Photo: Astronauts like Japan's Koichi Wakata, above, are trained to exercise for two hours per day while in space. (Courtesy NASA)
NEW ORLEANS--When Canadian astronaut Chris Hadfield returned to Earth after nearly five months in space in 2013, he described his physical state as “tottering around like an old man.”
Hadfield, in his mid-50s at the time, not only went viral with his in-orbit rendition of David Bowie’s song “Space Odyssey,” but he was also experiencing the accelerated aging that life in space brings on. It is so intense, that astronauts usually need help getting out of their spacecrafts when they return.
Unlike aging on Earth, changes such as reduced bone density and muscle mass are largely temporary. But the parallels between the effects of space and aging are making some sit up and take notice.
Space Scientists and Geriatricians
Canada is leading the international push to get space scientists and geriatricians working together because there are so many similarities between what astronauts experience in space and old age.
Nicole Buckley, lead scientist with the Canadian Space Agency, calls the collaboration “a match made in heaven … maybe not exactly heaven, but 360 km above Earth.”
She has made it her mission to bring together research on space and aging. Earlier this year, she delivered a TEDx Talk on the subject in Winnipeg. Last month, she was in New Orleans, making her pitch for collaboration between space and aging researchers at the annual scientific meeting of the Gerontological Society of America.
“Being in space can bring on accelerated aging,” Buckley said. “Returning to Earth, we see accelerated rehabilitation. If we study those two things, maybe they can inform each other so what we see in space can help us better understand aging.”
With the bulge of baby boomers entering, or well into, their senior years, there is growing pressure on health systems to better understand and treat the effects of aging.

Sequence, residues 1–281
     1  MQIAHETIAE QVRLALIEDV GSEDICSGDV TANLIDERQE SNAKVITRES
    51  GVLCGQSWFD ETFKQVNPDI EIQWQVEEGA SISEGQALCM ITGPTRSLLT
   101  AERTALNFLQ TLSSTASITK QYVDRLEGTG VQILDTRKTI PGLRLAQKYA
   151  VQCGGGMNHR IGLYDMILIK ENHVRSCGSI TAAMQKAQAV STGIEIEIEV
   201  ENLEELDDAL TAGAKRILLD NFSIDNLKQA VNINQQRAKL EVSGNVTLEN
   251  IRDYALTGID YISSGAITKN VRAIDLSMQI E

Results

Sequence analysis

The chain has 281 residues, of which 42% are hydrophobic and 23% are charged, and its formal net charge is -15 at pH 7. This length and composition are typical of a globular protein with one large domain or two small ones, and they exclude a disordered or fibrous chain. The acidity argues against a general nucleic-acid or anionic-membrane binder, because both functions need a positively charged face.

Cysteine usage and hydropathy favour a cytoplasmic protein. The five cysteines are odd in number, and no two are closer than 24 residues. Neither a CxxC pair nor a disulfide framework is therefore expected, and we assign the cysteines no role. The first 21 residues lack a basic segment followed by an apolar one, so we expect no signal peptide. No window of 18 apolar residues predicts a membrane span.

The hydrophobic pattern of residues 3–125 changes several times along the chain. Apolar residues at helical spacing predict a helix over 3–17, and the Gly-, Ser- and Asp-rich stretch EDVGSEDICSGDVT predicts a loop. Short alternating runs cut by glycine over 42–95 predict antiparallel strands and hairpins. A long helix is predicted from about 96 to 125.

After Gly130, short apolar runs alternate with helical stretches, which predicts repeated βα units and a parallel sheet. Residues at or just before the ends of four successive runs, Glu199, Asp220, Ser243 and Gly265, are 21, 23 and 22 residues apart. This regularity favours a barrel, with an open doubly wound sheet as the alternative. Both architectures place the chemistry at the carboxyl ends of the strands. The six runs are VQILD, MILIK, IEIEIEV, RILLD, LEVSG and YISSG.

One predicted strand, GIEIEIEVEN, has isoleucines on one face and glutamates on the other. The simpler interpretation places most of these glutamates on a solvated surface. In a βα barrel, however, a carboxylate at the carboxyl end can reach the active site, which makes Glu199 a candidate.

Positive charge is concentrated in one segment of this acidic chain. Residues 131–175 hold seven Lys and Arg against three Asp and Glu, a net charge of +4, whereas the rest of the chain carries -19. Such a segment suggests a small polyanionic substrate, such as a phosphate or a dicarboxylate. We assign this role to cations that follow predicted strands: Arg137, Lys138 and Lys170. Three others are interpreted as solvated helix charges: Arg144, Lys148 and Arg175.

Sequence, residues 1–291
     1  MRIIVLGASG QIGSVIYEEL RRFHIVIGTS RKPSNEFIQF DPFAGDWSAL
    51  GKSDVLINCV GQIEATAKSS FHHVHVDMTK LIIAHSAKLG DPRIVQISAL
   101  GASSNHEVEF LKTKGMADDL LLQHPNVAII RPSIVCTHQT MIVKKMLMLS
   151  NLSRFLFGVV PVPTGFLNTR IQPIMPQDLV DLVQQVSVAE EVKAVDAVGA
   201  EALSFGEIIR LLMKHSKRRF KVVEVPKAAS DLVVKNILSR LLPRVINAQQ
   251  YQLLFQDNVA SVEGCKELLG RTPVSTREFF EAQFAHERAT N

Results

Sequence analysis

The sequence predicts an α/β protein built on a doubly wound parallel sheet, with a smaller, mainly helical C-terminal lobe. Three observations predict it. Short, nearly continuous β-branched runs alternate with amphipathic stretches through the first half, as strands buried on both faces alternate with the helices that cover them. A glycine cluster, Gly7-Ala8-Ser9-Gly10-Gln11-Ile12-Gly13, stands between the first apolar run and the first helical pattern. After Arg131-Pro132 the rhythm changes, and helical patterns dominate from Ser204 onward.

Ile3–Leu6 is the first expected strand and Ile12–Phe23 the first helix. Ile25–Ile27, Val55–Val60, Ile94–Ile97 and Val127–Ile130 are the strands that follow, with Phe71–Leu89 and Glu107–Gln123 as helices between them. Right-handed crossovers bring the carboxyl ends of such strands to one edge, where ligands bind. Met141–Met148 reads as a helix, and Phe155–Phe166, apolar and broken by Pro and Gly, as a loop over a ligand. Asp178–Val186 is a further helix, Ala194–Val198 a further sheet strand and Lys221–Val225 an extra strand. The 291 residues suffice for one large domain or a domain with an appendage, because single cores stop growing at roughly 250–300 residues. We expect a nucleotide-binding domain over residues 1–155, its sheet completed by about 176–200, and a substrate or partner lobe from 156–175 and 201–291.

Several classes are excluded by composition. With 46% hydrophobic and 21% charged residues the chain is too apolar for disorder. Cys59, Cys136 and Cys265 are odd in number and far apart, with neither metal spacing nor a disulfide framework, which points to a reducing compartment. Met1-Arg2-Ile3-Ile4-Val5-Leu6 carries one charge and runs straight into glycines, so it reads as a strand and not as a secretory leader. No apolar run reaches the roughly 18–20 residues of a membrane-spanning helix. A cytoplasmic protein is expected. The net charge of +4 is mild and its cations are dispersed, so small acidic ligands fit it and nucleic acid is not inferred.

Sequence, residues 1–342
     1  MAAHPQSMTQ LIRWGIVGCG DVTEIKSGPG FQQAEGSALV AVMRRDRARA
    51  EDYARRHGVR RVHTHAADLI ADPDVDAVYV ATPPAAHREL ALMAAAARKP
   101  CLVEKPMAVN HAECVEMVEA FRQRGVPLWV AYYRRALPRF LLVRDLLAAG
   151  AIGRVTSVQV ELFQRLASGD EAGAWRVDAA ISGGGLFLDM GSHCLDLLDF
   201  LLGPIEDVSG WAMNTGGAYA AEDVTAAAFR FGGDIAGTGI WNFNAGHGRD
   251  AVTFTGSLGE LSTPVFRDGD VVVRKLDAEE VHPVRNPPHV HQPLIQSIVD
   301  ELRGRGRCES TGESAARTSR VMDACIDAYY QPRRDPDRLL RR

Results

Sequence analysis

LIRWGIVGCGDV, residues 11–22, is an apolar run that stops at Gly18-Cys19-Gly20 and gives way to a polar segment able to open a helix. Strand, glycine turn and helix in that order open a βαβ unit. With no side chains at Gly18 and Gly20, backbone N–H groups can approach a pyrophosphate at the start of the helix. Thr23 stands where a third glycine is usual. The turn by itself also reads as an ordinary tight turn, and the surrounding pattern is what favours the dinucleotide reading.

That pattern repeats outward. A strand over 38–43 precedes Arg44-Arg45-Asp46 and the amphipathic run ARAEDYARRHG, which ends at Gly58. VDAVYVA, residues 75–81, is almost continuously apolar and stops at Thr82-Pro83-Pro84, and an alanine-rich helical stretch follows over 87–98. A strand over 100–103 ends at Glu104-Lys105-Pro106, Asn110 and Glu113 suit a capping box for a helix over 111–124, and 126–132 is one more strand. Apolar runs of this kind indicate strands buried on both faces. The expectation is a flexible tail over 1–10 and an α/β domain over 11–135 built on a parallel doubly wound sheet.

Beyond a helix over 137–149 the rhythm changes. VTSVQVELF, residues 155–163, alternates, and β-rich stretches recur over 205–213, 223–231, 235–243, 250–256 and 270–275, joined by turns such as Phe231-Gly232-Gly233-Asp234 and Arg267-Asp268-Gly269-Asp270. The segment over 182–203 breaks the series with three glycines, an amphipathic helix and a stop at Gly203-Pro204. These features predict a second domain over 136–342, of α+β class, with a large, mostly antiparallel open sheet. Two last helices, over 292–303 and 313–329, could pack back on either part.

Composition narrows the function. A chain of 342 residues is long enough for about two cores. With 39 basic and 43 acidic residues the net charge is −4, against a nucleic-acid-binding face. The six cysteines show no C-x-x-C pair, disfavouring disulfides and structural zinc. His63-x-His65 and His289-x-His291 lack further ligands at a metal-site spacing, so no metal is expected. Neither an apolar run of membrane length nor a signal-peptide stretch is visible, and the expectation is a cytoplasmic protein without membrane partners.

Buckley said there are three areas in which space scientists and aging researchers can collaborate and help each other: the physical realities of aging, psychosocial problems of both aging and space, and technology.
Both elders and astronauts experience bone loss. In space, it is less general — centered in the bones involved in weight-bearing, such as the legs, spine and hips — and more rapid than in normal Earth-bound aging. Female astronauts, for example, lose more density in affected bones in six months than menopausal and post-menopausal women lose in two years.
“What we see in space is like an accelerated parallel of aging, related to microgravity,” said Buckley.
The physical realities of aging and space also include loss of muscle mass, and decreases in the immune and cardiovascular systems. Both astronauts and older adults also experience decreased elasticity of the arteries.
Buckley said the psychosocial experiences of astronauts — such as isolation and living with strangers — relate to similar experiences of elders, who may be isolated in their own homes or in living arrangements with people they don’t know well.
There are also technology parallels, including the use of telemonitoring, which is the remote monitoring of a patient by a health care provider.
In New Orleans, Buckley met with a group called WE-SHARE (World Explores Space Health and Aging Research) to discuss partnerships. There is also a Canadian group dedicated to space and aging research.
Manfred Gogol, treasurer of Germany’s Geriatric Medicine Society, said those who study aging
Astronaut Chris Hadfield. (Photo: Canadian Space Agency)
can learn from space about what happens to astronauts’ bodies and what countermeasures reduce the accelerated aging process.
Gogol noted astronauts train between one-and-a-half to two-and-a-half hours a day while in space to reduce the decline, which provides an area of research into how exercise affects the physical symptoms of aging.
The Canadian Institutes for Health Research’s aging institute is leading the initiative internationally, as is the Canadian Space Agency, said Joanne Goldberg, associate director of scientific affairs with Canada’s Institute of Aging. There is no formal link between the two organizations, but that could come in the future, say those involved.
Buckley said the time is right for more collaboration between the two parties.
“We are at the beginning of what is going to be a big increase [of the elderly population] in the world,” said Buckley. “We are going to see an increase in the needs that must be met. And what we learn in space can be a very valuable tool to help that process along.”
Elizabeth Payne, who covers aging for the Ottawa Citizen, is the recipient of a 2016 Journalists in Aging Fellowship supported by New American Media, The Gerontological Society of America and the Silver Century Foundation.
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